Speculatas, Spekulas, Speculoos, a delicious cookie by any other name and many delicious variations

Due to the fact that whenever my family makes a certain crunchy, spicy, Dutch-derived cookie which my mother has referred to as “speculatas”, and which various websites have referred to as speculoos, speculaas, etc., and which have just as many variants in ingredients, and preparation (my mothers’ have secret ingredients that Martha Stewart’s recipe doesn’t, and vice versa), my mother makes them as refrigerator cookies, some make them as molded cookies, with elaborate carved wooden molds. Anyway, the basic recipe/idea has been around since medieval times, so it’s had plenty of time to diverge into different varieties and to acquire varied preparation methods and ingredients.
All of this was unknown to my family, until my sister did some internet searches a few years ago, and discovered the medieval antecedents of my mother’s recipe for the best-loved cookies we give away. So, a few years ago, we bought some tiny but still expensive wooden carved molds and some gold dust powder and made the medieval molded version. They went over reasonably well, and the edible gold color powder was a nice touch that we’ve since used for other things, but, my mother’s original variety were still the ones acquaintances raved about. So the most recent experiments have been made with a view to commercialize them: put them into mass production & package them for sale! In order to do this, we have to figure out a way to make them more uniform in size, texture, etc.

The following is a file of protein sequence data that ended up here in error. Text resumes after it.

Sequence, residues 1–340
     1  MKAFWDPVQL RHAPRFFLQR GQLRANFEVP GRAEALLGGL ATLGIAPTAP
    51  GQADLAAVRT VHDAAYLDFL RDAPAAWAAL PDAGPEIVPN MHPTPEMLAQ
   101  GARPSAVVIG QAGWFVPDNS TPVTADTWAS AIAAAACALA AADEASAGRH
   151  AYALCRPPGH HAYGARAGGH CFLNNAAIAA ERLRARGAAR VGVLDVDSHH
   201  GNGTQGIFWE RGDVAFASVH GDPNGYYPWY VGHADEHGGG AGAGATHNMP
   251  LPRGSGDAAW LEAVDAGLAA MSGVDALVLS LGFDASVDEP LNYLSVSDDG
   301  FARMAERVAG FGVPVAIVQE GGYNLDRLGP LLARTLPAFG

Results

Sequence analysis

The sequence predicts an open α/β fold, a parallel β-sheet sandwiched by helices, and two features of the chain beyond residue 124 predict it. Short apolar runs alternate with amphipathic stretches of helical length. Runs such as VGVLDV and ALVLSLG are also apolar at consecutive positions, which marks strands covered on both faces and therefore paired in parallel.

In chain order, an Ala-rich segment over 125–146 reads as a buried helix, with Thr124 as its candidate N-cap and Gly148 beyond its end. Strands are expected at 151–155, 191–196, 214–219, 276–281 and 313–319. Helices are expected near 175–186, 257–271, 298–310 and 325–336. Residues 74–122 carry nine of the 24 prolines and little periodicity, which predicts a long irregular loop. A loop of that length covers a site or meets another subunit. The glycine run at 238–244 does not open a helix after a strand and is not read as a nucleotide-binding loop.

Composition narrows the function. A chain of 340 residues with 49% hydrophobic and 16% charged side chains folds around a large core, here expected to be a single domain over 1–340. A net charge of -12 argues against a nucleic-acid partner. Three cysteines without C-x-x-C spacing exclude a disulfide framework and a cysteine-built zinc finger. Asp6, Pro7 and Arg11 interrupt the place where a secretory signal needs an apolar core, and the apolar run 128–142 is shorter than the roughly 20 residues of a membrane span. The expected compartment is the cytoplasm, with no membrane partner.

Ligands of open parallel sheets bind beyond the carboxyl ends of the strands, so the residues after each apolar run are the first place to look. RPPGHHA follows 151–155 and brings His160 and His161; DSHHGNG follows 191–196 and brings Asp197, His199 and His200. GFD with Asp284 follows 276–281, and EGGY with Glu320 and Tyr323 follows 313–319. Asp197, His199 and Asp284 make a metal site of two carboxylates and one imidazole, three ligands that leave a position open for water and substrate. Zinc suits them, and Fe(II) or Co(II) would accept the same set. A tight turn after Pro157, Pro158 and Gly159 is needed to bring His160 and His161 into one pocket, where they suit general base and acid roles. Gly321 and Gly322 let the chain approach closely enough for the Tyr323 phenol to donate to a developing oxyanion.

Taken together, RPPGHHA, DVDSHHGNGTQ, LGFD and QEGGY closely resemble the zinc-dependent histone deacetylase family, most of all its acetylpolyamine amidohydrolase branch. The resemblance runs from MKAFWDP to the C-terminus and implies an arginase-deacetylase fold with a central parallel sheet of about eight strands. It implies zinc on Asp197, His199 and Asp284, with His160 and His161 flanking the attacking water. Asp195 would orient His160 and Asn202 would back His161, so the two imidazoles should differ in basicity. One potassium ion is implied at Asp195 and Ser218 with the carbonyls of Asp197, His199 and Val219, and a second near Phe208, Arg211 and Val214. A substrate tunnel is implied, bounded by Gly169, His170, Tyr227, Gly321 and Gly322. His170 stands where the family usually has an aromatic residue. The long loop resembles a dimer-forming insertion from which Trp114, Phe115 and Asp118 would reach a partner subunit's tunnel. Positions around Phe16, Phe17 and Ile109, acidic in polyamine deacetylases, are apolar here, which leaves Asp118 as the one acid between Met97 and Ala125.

This past weekend, my mother made three test batches. Batch A was made the usual way she does it, with butter softened on the countertop. They came out flavorful and of medium texture, as they usually do. (They also have significant variations in size, shape, mixture). Batch B was made with the butter still chilled and hard. Batch B came out the most flavorful, but firmer, crisper, and less inclined to “spread” when baked than the usual (Batch A). Batch C was made with proportionally less butter and more flour. The finished cookies were firmer & more consistent in color and texture than Batch A or B, but also less flavorful.
My mother, sister and I “taste-tested” last night, and Batch B “won”.

Add comment October 9th, 2012 Laura

Experimental Christmas cookie preview

Every year, my mother goes all-out making several varieties of Christmas cookies, and I do a lot of work on them, too. I mix up and bake some batches, decorate some while my mother bakes, and various other permutations on the theme. Most get eaten at home, but some get given to distant relations (a package gets shipped, along with presents, to the West Coast family of one of my uncles), many are packaged en masse for a gift exchange my sister runs, and some get given to neighbors and my mother’s mechanic, co-workers, etc. This means _a lot_ of cookies, completed well before Christmas for the sake of shipping. A couple years ago, I stayed up till 4am trying to produce enough by deadline. I ran out of regular flour, and used self-raising flour to make up the difference. No, you cannot run out and get a bag of flour at 4am on Staten Island if you don’t have a car and the freedom to leave. (Disabled family member involved.)